China Concerned about US Drill during Xi's Philippine Visit

U.S. Marines assigned to Echo Company, 2nd Battalion, 5th Marine Regiment, conduct an amphibious raid during KAMANDAG 2 on Philippine Marine Corps base Gregorio Lim, Philippines, Oct. 8, 2018. (U.S. Marine Corps photo/Christian Ayers)
U.S. Marines assigned to Echo Company, 2nd Battalion, 5th Marine Regiment, conduct an amphibious raid during KAMANDAG 2 on Philippine Marine Corps base Gregorio Lim, Philippines, Oct. 8, 2018. (U.S. Marine Corps photo/Christian Ayers)

MANILA, Philippines — China has raised concerns about a joint U.S.-Philippine military exercise that coincides with Chinese President Xi Jinping's visit to the country in November, a Philippine official said Tuesday.

Presidential spokesman Harry Roque said Chinese Ambassador Zhao Jianhua raised the concern in a meeting Monday with President Rodrigo Duterte, who assured the Chinese envoy that the Philippines would not take part in the military maneuvers.

"China of course expressed concern over a naval, a military exercise that the United States will be conducting in the area at about the same time that the Chinese President will be in the Philippines," Roque told a televised news conference.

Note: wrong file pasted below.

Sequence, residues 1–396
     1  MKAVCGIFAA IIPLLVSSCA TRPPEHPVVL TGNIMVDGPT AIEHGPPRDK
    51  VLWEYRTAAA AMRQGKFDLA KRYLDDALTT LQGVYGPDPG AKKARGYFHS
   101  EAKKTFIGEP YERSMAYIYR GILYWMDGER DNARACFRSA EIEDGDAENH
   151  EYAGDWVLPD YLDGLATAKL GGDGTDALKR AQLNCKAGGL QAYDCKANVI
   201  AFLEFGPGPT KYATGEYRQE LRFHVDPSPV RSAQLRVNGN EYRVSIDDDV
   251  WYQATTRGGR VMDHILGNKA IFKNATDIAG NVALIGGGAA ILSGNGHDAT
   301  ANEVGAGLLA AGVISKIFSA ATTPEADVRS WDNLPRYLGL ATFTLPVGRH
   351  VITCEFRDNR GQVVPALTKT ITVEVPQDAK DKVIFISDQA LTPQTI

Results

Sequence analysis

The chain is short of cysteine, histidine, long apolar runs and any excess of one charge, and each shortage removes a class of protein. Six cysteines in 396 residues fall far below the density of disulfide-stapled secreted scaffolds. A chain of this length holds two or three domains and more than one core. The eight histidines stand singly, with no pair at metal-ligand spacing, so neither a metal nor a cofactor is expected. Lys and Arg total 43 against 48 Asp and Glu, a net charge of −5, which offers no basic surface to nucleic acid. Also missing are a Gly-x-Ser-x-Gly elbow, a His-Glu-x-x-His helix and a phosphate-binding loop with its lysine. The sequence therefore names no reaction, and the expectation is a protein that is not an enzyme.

Roque did not elaborate on what particular drill China was concerned about. Philippine military officials said they're unaware of any U.S. military exercise with Filipino forces next month.

The Philippine government will ensure that nothing will mar Xi's first visit to the country, which both sides agree will "further cement" their already-strong relations, Roque said.

The Department of Foreign Affairs in Manila "will do all that it can to make sure that President Xi's visit will be fruitful and as productive as we would want it to be," he said.

After taking office in 2016, Duterte worked to repair relations with China which had been damaged by the two countries' territorial disputes in the South China Sea. He announced early in his presidency that he would end annual combat drills with the U.S. military in an effort not to offend China, but the drills have continued.

China has opposed American-led military exercises, especially in the disputed waters, accusing Washington of intervening in a purely Asian dispute. The U.S. has pressed on with the exercises and military patrols to promote freedom of navigation and overflight in the South China Sea.

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